Alternative is the term traditionally used within the scientific community to describe the “3Rs” – methodologies to replace, reduce, or refine animal use in an existing test or procedure. Therefore, an alternative method can be another animal test that reduces animal use or that refines an existing method to lessen pain and suffering, or it can be a method that replaces animal use altogether. Since this section of our site addresses product safety and toxicity testing, the focus here will be on alternative methods intended for toxicity testing applications and that are being considered for acceptance by regulatory agencies.
A replacement alternative is a test method that has been endorsed by an appropriate authority as being capable of fully replacing an existing regulatory test method with a method that does not use live animals. A reduction alternative is a method that reduces the number of animals used. And a refinement alternative is a method that reduces animal suffering.
A new or alternative toxicity test method can be quite different from the existing animal test method, but it must provide the same or better prediction of human health effects for it to be accepted by regulatory agencies. To make this determination, representatives from government agencies, industry, and academia came together in the early 1990’s to establish criteria and processes for evaluating new toxicity test methods. Test method validation criteria were established by three organizations in the 1990s: the Organization for Economic Cooperation and Development (OECD), the European Centre for the Validation of Alternative Methods (ECVAM), and the U.S.’s Interagency Coordinating Committee on the Validation of Alternative Methods (ICCVAM). Important terminology was defined as follows:
- Validation is "the process by which the reliability and relevance of a particular method or approach is established for a specific purpose."
- Reliability is the measure of a test’s reproducibility, which is the degree of variation in test results obtained when the same method is performed in the same lab over time, or performed in different laboratories or by different technicians.
- Relevance is the assessment of a test’s ability to correctly predict the biological effect of interest.
A validation study is conducted to obtain the data needed to assess the reliability and relevance of a new or revised toxicity test method. (It should be noted that the traditional Draize and LD50 tests were never subjected to a validation process). It is a large, expensive, and time-consuming process that takes place across several different laboratories. The data from the study are submitted to one of the validation centers, such as ECVAM or ICCVAM. The center, in turn, assesses the submitted data, and determines whether to move the method forward to peer review, where an assemblage of independent scientists evaluates the results and makes recommendations. ICCVAM or ECVAM’s advisory board then determines whether to recommend the test as scientifically valid for its intended purpose. If so, it is then called a validated method.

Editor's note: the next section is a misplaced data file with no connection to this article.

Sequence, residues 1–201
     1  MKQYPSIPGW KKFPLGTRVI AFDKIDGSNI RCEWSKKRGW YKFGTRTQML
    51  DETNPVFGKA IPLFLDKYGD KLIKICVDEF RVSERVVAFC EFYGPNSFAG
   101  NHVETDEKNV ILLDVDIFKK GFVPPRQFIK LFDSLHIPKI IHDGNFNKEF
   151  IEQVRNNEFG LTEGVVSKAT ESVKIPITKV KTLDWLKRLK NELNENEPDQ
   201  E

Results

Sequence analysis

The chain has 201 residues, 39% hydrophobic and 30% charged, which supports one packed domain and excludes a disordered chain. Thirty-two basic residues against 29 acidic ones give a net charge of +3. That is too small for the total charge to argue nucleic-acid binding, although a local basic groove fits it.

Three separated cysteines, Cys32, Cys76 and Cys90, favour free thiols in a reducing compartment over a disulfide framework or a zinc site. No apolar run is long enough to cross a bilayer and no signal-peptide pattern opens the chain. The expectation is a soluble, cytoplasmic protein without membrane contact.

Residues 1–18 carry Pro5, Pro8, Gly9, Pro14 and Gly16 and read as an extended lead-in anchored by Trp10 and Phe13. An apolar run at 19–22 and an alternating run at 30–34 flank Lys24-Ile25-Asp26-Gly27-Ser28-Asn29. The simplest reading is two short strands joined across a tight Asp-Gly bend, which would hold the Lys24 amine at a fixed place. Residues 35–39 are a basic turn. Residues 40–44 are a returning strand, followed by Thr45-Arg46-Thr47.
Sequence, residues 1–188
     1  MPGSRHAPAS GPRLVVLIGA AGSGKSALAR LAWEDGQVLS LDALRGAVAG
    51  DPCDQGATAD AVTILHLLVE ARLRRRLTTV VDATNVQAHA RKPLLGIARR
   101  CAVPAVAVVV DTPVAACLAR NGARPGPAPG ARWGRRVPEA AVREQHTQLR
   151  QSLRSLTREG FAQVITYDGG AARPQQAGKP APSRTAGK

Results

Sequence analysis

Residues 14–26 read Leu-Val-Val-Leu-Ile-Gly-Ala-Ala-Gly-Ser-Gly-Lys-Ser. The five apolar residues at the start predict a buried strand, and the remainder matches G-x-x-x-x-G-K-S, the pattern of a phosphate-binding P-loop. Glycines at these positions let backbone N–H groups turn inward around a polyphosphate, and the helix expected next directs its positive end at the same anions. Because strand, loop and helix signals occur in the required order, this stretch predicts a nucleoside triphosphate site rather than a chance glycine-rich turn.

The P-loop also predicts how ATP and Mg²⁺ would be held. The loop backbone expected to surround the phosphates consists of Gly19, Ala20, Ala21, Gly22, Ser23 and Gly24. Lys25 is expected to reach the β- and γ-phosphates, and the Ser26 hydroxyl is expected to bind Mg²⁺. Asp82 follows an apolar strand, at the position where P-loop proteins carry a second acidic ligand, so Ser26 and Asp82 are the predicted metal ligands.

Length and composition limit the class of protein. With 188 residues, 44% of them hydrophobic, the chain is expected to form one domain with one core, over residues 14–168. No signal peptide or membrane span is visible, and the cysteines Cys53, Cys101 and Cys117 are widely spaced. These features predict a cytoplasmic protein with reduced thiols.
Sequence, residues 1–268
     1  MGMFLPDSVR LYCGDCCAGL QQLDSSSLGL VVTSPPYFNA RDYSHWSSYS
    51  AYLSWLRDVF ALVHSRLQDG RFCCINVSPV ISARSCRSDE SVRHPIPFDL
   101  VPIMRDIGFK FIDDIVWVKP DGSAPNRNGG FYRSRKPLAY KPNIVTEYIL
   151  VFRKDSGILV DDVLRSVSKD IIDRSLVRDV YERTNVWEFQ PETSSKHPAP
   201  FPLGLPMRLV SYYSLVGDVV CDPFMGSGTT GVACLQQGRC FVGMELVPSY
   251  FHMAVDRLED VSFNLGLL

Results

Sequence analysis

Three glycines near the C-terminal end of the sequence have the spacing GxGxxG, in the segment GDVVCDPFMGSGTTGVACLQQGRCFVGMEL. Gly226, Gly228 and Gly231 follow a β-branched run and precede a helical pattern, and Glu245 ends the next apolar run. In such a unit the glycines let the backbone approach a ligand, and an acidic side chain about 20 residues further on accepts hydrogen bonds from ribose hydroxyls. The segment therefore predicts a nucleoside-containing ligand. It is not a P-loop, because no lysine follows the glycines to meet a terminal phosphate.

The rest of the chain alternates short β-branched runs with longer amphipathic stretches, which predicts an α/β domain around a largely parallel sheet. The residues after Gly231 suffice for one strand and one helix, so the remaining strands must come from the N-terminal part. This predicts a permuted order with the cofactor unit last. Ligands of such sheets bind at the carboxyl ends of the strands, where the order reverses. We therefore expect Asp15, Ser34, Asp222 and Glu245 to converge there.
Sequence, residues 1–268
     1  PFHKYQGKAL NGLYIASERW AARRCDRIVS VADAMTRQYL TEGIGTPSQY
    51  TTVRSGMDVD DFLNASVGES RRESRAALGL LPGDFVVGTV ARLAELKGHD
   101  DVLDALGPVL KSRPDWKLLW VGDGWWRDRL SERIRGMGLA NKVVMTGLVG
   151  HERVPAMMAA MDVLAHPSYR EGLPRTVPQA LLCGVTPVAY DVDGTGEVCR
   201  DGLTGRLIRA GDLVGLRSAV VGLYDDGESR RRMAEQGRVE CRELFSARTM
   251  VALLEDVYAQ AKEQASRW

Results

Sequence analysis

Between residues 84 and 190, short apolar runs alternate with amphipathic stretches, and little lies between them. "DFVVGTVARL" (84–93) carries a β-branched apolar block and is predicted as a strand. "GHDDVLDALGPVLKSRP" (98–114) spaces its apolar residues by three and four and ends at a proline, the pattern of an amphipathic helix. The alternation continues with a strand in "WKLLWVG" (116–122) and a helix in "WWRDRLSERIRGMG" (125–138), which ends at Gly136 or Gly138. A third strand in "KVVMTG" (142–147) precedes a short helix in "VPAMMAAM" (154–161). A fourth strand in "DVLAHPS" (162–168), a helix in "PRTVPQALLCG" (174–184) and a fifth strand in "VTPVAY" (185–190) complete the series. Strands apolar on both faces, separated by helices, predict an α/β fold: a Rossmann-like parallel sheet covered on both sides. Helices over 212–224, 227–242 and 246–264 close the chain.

A validated method must still undergo further review before being accepted for use by a regulatory agency. Each agency makes its own determination of whether to accept data from the new method, and to what extent the new method can replace the existing regulatory test method (usually an animal test). This process is called regulatory acceptance.
To add to the complexity, each new method has specific limitations, and could be recommended for use as a partial or full replacement method, or as a screening assay that can be used as part of a test battery (a group of tests used to make a determination) or a tiered (or integrated) testing strategy (a group of tests and possibly other data used together in a specific scheme or sequence to make a determination). Therefore, potential users of a new method must study the recommendations and limitations of the method, even when it is considered to be validated.
Some companies have developed or adopted alternative test methods for internal use. These methods might be used to screen potential new ingredients, or to identify a less irritating formulation, as part of product development. If the data are not intended for submission to regulatory agencies, there is no need for the company to validate the test methods. Even so, these screening tests can considerably reduce animal use and can save a company time and money.